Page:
Past and Present of Appanoose County, Iowa: A Record of Settlement, Organization, Progress and Achievement, Volume 1

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L. L. Taylor
S. J. Clarke Publishing Company, 1913 - Appanoose County (Iowa)

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Excellent detailed book on Appaloosa County Iowa. Very informative for anyone looking up ancestors.Thanks for putting these books on the internet!

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Page 47 - Sioux river, according to said map, until it is intersected by the parallel of forty-three degrees and thirty minutes north latitude; thence east along said parallel of forty-three degrees and thirty minutes, until said parallel intersects the middle of the main channel of the Mississippi river; thence down the middle of the main channel of said Mississippi river, to the place of beginning.
Page 170 - Mountains and of such other parts of that State and the other States hereinbefore named as may maintain a loyal adhesion to the Union and the Constitution or may be from time to time occupied and controlled by forces of the United States...
Page 170 - WHEREAS the laws of the United States have been for some time past and now are opposed, and the execution thereof obstructed, in the States of South Carolina, Georgia, Alabama, Florida, Mississippi, Louisiana, and Texas, by combinations too powerful to be suppressed by the ordinary course of judicial proceedings, or by the powers vested in the marshals by law...
Page 171 - States, and all proceeding to such State or section, by land or water, shall, together with the vessel or vehicle conveying the same, or conveying persons to or from such State or section, be forfeited to the United States...
Page 17 - slept that night; all was gloom and discontent. In the morning, a canoe was seen ascending the river ; it soon arrived, bearing an express, who brought intelligence that a British trader had landed at Rock Island with two boats loaded with goods, and requested us to come up immediately, because he had good news for us, and a variety of presents. The express presented us with tobacco, pipes and wampum. The news ran through our camp like fire on a prairie. Our lodges were soon taken down, and all started...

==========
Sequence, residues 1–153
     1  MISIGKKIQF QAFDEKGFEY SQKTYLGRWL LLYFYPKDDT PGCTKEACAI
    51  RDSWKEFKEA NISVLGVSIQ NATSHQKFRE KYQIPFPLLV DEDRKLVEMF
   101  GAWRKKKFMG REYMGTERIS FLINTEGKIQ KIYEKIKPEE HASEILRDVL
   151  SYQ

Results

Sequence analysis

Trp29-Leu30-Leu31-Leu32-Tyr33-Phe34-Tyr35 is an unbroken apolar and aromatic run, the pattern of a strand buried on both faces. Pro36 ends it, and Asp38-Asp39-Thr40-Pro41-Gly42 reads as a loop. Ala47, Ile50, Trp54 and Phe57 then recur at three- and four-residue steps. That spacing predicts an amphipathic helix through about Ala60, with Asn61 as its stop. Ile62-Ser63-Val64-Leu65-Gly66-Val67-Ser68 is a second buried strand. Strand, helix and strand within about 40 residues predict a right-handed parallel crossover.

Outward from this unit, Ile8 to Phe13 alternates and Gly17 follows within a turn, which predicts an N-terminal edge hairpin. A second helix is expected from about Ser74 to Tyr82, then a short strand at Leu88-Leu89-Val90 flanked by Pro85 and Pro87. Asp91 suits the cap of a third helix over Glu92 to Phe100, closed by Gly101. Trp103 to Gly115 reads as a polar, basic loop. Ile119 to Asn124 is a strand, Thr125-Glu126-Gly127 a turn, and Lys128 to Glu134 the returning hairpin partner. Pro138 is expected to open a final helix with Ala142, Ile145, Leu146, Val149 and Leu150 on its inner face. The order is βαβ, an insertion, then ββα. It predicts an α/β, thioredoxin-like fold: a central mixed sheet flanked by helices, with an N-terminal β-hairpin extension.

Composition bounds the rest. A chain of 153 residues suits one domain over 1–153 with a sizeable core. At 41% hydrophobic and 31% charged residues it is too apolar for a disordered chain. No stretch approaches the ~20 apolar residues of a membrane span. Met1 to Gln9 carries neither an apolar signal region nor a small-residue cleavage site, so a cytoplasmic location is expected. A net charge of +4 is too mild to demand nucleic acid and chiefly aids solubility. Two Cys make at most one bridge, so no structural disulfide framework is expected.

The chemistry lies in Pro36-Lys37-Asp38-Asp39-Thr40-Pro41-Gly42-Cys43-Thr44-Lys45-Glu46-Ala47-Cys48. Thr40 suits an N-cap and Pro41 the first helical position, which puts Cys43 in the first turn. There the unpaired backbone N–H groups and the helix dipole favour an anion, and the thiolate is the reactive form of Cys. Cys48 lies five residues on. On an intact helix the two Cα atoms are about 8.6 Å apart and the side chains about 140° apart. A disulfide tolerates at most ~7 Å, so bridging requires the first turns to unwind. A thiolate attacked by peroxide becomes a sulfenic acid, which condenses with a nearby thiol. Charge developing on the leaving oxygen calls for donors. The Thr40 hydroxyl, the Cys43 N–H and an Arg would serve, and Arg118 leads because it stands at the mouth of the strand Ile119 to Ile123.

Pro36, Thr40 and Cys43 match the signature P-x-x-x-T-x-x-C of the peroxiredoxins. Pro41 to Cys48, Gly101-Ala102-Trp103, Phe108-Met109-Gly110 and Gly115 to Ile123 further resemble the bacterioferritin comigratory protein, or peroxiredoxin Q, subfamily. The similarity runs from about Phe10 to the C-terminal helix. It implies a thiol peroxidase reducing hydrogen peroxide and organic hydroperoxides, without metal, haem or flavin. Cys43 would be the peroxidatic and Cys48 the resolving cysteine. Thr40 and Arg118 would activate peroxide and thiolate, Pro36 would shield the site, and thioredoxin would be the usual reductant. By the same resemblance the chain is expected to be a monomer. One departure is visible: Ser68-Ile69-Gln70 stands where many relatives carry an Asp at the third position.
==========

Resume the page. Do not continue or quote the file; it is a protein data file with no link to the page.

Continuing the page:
Page 78 - Whereas particular towns have many things which concern only themselves, and the ordering of their own affairs, and disposing of business in their own town — It is, therefore, ordered, that the freemen of every town, or the major part of them, shall only have power to dispose of their own lands and woods, with all the...
Page 7 - ... of the Executive, they will wait the issue of such measures as that department of the government shall have pursued, for asserting the rights and vindicating the injuries of the United States ; — holding it to be their duty, at the same time, to express their unalterable determination to maintain the boundaries, and the rights of navigation and commerce through the river Mississippi, as established by existing treaties.
Page 47 - Iowa remained a Territory from 1838 to 1846, during which the office of Governor was held by Robert Lucas, John Chambers and James Clarke. STATE ORGANIZATION. By an act of the Territorial Legislature of Iowa, approved February 12, 1844, the question of the formation of a State Constitution and providing for the election of Delegates to a convention to be convened for that purpose was submitted to the people, to be voted upon at their township elections in April following. The vote was largely in...
Page 44 - To aid them in making out their claims when the hour should arrive, the settlers had placed piles of dry wood on the rising ground, at convenient distances, and a short time before twelve o'clock of the night of the 30th of April, these were lighted, and when the midnight hour arrived, it was announced by the discharge of firearms.
Page 35 - ... of Judge Morgan. In the Winter of that year, they were driven off by the military from Rock Island, as intruders upon the rights of the Indians, and White's cabin was burnt by- the soldiers. He retired to Illinois, where he spent the Winter, and in the Summer, as soon as the Indian title was extinguished, returned and rebuilt his cabin. White was joined by his brother-in-law, Doolittle, and they laid out the original town of Burlington in 1834.

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